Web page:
The only anti-communist on the national team

Stanisław Terlecki, a former member of the Polish national team, as well as ŁKS Łódź, Cosmos New York and Legia Warszawa, has passed away. Zbigniew Boniek, president of the Polish Football Association, who began his career at the same time as his teammate Terlecki, informed of the latter’s death.

Pele, Boniek & I, by Stanisław Terlecki (2006) If one were to choose one Polish footballer who lost the most at the hands of the communist regime in the country, it would have to be Stanisław Terlecki. In the middle of the martial law, he had to leave the country for the United States so as to support his family, and thus missed the biggest football events.

An educated athlete

He found himself in the USA at the best of times, when the country was opening up to soccer and the local league began to attract the biggest stars from Europe. Although he played alongside such footballers as Franz Beckenbauer and Johann Neeskens, it was Terlecki who was the biggest star of the league. At least that is what we read in his autobiography bearing the not-so-modest title Pele, Boniek i ja (‘Pele, Boniek & I').

Terlecki was undoubtedly one of the best Warsaw-born players. A graduate of the Polonez club from the city district of Brodno, he later played for Gwardia, a club linked to the police force, from where he moved to ŁKS – Łódź Sports Club. His interests were different from most players – he not only played for the club in Lodz but also studied history at the local university.

In his famous biography Spalony (‘Off-side’), Andrzej Iwan mocked his colleagues for their complaints about living in the communist times. He recalls the special coupons they received with which they could buy different goods, special housing allocations, cars and trips abroad. He also wrote: “I am wondering if any of us were true anti-communists, who genuinely declared themselves as such. And I recall… only one such person – Staszek Terlecki. His father was also a historian and an oppositionist who grafted such sentiments in his family. Staszek was involved in some kind of student movements.”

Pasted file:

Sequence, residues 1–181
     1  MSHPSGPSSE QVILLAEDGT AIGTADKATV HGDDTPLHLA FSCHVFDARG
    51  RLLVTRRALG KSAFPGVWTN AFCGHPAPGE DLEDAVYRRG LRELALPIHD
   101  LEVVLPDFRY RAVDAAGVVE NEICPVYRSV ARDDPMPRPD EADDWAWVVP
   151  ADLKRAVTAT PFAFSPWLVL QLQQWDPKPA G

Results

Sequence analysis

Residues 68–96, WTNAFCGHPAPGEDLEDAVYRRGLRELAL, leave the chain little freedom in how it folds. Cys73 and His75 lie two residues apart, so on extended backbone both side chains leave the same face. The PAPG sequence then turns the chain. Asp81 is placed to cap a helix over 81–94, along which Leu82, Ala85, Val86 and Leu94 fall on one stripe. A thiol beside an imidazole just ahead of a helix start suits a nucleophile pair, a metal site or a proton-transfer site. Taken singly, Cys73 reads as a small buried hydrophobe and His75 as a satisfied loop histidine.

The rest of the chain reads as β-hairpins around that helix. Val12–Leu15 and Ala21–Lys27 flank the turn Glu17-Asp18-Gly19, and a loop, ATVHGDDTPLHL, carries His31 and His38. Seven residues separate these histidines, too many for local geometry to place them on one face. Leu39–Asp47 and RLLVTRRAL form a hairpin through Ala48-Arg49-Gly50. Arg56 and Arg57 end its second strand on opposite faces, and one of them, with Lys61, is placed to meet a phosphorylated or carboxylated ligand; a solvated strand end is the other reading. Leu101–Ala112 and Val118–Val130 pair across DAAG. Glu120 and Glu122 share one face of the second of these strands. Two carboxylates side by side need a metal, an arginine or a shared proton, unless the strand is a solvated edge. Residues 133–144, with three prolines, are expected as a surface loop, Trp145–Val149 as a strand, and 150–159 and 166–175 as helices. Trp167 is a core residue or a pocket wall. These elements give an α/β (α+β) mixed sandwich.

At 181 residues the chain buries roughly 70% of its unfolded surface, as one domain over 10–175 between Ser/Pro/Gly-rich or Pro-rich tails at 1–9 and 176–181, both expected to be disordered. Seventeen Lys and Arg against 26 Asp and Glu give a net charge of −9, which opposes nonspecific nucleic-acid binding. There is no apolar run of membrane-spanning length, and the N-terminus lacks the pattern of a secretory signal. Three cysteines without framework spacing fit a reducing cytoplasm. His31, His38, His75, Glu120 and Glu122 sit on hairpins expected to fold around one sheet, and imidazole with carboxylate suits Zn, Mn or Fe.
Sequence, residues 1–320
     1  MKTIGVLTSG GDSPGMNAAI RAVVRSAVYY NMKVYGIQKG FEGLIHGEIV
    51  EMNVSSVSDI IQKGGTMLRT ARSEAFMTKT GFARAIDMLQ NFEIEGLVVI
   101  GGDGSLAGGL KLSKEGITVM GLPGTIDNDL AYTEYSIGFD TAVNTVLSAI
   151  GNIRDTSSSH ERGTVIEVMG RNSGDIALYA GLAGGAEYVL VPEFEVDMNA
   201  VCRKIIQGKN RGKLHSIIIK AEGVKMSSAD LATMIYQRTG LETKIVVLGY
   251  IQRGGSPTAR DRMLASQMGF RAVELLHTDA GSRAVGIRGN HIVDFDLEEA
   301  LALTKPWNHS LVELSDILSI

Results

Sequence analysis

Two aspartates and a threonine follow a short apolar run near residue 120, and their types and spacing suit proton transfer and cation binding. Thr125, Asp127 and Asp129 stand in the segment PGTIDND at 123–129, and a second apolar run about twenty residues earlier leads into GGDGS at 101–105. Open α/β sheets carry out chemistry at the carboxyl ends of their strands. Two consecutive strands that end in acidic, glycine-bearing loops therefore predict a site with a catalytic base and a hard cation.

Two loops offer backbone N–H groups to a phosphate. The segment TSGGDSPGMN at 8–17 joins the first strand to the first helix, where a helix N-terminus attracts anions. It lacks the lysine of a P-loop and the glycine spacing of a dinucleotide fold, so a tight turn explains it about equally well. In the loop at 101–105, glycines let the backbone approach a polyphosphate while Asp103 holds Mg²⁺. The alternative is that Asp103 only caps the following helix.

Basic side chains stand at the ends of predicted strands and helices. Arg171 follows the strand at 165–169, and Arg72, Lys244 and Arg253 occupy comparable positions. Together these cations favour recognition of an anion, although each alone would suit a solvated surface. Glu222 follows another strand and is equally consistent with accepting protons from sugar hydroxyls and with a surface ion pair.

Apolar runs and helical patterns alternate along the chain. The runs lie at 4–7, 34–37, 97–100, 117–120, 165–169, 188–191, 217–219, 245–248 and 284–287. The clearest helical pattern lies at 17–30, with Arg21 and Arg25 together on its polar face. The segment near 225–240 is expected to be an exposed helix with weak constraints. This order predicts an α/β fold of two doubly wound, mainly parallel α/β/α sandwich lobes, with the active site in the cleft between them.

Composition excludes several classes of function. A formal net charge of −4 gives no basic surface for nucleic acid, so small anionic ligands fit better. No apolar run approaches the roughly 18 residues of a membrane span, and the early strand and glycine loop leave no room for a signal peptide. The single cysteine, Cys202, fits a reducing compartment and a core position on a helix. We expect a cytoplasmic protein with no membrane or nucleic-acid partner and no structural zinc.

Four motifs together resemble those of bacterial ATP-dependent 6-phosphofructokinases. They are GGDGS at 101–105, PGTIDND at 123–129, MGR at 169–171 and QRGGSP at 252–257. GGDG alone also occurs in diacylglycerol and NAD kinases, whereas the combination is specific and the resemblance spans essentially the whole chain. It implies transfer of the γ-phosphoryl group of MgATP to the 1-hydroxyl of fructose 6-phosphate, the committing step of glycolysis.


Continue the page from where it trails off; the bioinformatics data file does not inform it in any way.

Terlecki was interested in politics so much so that by the end of August 1980, when his team from Lodz was playing an away game near Gdansk, the player tried to get into … the Shipyard. However, he was apprehended by the Solidarity workers’ guards. As he recalled in his biography, he tried to get inside because he felt something important was happening and wanted to witness the events. “I listened to these discussions, after all I studied history and I was very much interested in all of this,” the player wrote.

Stanisław Terlecki, 1989 Scandal at the airport

The year 1980 had a huge bearing on Terlecki’s football career. By the end of November, there was only one story that had the entire country interested: the “scandal at the Okecie airport.” Before flying out to Malta to a qualifying match before the 1982 World Cup, the national team’s goalie, Józef Młynarczyk, got drunk and the team’s manager, Ryszard Kulesza, decided to have him stay at home, in Poland. Three of his colleagues from Widzew Łódź decided to take his side – Zbigniew Boniek, Władysław Żmuda, Władysław Smolarek and Terlecki from the other Lodz club – ŁKS. The group succeeded in changing the coach’s mind, and it was none other than Terlecki who drove Młynarczyk to the airport in his car.

Unfortunately, a Polish television crew was already waiting at the airport. The journalists learned about the whole situation. When trying to film the argument, Terlecki pulled out a cable from one of the cameras. A nationwide scandal broke out. Kulesza lost his job and the “gang of four” was disqualified. Boniek and Terlecki were probably treated most severely, as “recidivists,” and suspended for a whole year. They had already been punished before for … barking at journalists on the airplane. At the time, however, they had been treated fairly mildly and suspended for a very short time.